Marib will not surrender to Houthis, governor says

Marib will not surrender to Houthis, governor says
Houthi troops ride on the back of a police patrol truck after participating in a Houthi gathering in Sanaa, Yemen Feb. 19, 2020. (Reuters)
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Updated 30 August 2020

Marib will not surrender to Houthis, governor says

Marib will not surrender to Houthis, governor says

AL-MUKALLA: The governor of Yemen’s central province of Marib said that it would not surrender to the Iran-backed Houthis despite their relentless attacks.

“Marib will never be governed by Houthi militia,” said the governor, Maj. Sultan Al-Aradah, adding that thousands of army troops and allied tribesmen were fighting off a Houthi ground offensive in the oil and gas-rich province.

The governor’s renewed pledge to repel rebel attacks came shortly after a ballistic missile fired by the Houthis ripped through a mosque inside a military camp in the province, killing five soldiers and several others. The governor said that the Houthi missile and drone attacks on warship sites and residential areas in the province was a testament to Houthi heavy losses on the battlefield and their failure to make significant advances toward Marib.

“This is an indication of failure and bankruptcy and evidence of (their) inability to achieve their goals and plots against Marib,” the governor said, speaking to a reporter near the shattered glass, windows and walls of the targeted mosque.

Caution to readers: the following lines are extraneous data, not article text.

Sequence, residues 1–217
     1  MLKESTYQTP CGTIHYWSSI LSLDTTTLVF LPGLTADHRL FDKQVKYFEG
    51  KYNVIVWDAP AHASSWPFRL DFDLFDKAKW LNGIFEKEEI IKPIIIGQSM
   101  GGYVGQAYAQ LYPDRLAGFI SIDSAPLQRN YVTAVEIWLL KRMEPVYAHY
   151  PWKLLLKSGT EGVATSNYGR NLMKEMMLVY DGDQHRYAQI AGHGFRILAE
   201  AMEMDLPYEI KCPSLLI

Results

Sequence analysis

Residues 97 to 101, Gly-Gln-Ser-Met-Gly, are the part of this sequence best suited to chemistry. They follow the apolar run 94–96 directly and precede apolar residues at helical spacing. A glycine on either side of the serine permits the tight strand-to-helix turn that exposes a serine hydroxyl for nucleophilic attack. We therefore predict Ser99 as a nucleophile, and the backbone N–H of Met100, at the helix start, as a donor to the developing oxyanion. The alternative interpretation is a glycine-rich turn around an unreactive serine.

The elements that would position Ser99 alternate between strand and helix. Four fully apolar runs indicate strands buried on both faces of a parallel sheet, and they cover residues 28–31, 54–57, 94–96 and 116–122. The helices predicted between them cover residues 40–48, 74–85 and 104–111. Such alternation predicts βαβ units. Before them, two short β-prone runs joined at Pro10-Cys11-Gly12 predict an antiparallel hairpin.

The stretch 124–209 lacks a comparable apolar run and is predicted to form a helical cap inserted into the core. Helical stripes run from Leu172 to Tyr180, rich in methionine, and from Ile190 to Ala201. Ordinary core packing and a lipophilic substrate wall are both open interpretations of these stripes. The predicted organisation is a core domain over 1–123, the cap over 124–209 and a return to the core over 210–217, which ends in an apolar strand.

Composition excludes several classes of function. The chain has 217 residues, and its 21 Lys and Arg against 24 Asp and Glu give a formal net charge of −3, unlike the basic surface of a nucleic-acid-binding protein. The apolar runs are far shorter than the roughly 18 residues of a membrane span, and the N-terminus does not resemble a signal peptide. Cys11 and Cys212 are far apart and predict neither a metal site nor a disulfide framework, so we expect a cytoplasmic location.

Vice-President Ali Mohsen Al-Ahmar strongly condemned the Houthi missile attack on the mosque during a telephone conversation with the governor of Marib, saying that the “bloody” Houthi movement violated morals and customs that venerated mosques and chapels. 

Early this year, Houthis attacked a mosque with drones and missiles at a military camp in Marib, killing more than 110 soldiers and triggering heavy fighting that ended months of calm on the battlefield.

Despite international calls to cease their offensive on Marib, the Houthis have escalated their shelling of the city with drones and ballistics as their ground forces push to break through the Yemen army’s lines of defense. Yemeni army commanders say that more than 1,000 Houthis, including senior field commanders, have been killed in fighting on Marib’s border with Al-Bayda and in the province’s Serwah district.

Yemen’s Defense Ministry said on Friday that 614 Houthi militants have been killed and 1,254 wounded in heavy fighting with government forces or during Arab coalition airstrikes in the provinces of Jawf, Marib and Al-Bayda since early last week. Loyalists destroyed 59 military vehicles, seized 13 others and shot down five drones during the fighting. 

Last week, British Ambassador to Yemen Michael Aron called on the Houthis to halt their military operations in Marib and heed local and international warnings that their continued push would undermine security and force thousands of people who took shelter in Marib after fleeing fighting in their home provinces to move again to safer places.  

In the southern port of Aden, the new governor of Aden, Ahmed Lamlis, said on Saturday that military and security officers in the city were working on a security plan aimed at restoring peace and security, putting an end to informal housing and reopening public institutions.

“Let’s say enough to infighting. We are all brothers and are in one court,” the governor said at a press conference in Aden, shortly after resuming his duties from his office.